Jiva Technology

The crisis in Maths education

It seems to me that when it comes to Maths, the world can be split into Maths: those that love it and enjoy it and those who don’t. There doesn’t seem to be an awful lot in between the two extremes, it’s more of a Marmite subject.

As one of those who falls into the former (love it) category, I can never understand why anyone could not like Maths, it’s the language that describes the natural world around us and has allowed us to build everything from space craft to iPads. When I ask the latter category (hate it) why they dislike the subject so much, they usually bemoan the difficulty of the subject at first, but one factor that always seems to creep in is the way that it’s taught. I’m willing to guess that the proportion of people who fall into the ‘love Maths’ category is small. The number of people who love Maths and then go on to teach it is even smaller. That leads me to think that enthusiastic, knowledgeable Maths teachers are in short supply. My (admittedly limited) field studies amongst parents and friends has confirmed my (jaundiced) view.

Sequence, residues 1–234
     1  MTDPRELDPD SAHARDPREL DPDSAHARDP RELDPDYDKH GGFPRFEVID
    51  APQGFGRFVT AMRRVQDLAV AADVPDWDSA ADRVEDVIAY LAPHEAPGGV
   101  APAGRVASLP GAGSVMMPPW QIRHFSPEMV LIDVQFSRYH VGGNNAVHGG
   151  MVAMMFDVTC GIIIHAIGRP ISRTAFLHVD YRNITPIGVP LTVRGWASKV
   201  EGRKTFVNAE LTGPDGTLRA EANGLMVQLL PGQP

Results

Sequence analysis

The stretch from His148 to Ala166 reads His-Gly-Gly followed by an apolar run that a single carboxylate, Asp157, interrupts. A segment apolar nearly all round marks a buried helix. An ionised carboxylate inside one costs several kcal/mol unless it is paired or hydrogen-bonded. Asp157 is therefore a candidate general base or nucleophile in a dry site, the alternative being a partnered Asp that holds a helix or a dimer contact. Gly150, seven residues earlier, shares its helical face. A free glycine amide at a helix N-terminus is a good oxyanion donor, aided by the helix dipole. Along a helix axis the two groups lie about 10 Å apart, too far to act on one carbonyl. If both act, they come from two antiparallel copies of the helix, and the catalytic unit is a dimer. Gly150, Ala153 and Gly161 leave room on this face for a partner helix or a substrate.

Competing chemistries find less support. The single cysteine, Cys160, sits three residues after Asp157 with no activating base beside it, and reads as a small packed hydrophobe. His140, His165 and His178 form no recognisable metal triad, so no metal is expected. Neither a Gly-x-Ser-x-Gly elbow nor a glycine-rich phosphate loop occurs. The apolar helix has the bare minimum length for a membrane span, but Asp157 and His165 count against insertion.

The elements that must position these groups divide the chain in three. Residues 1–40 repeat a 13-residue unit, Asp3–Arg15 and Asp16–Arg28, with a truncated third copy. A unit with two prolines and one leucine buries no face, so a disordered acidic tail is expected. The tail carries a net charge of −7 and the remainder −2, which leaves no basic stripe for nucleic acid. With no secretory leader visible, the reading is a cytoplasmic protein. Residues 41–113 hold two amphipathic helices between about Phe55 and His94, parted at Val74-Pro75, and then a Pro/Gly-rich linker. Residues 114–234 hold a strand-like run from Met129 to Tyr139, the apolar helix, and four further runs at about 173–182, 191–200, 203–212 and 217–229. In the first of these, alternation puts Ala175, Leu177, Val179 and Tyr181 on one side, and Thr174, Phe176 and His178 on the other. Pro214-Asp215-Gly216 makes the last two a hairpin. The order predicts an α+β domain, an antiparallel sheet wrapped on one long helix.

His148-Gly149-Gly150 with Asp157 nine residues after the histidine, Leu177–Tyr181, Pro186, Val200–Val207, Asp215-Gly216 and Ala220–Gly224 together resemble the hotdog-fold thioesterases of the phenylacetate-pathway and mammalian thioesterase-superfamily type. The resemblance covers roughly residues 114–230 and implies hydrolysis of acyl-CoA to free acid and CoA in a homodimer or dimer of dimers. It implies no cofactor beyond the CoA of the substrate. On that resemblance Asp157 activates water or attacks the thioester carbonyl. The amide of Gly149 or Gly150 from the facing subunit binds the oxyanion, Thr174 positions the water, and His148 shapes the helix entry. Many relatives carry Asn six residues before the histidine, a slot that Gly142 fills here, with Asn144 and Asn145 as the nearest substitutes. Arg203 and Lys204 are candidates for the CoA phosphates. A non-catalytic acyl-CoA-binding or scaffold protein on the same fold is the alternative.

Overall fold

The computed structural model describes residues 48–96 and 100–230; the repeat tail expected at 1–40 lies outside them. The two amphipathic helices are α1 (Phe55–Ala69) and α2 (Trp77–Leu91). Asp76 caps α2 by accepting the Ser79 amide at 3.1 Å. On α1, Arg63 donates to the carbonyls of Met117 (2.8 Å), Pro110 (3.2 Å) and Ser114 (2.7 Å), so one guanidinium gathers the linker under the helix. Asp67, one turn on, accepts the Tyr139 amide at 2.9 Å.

If you have decent Maths qualifications, you generally have your pick of attractive job opportunities and teaching will struggle to attract the brightest and best, if only because it doesn’t quite pay on the same scale as banking (another big employer of Maths-lovers).

In a modern economy, we need more schoolchildren to be good at Maths, but to do that, we need more of the recent Maths graduates to go into teaching. If we don’t, we end up in a downward spiral. One way to solve this (apart from paying a lot of money to Maths teachers) is to make it easier to do a bit of Maths teaching on top of other things. Teach First is one way of doing that, another is to use technology. Maths is one of the most popular subjects on Tutorhub and it’s a personal mission to make it easier for people to teach Maths.

We’re looking to solve the problem one Tutorhub session at a time.


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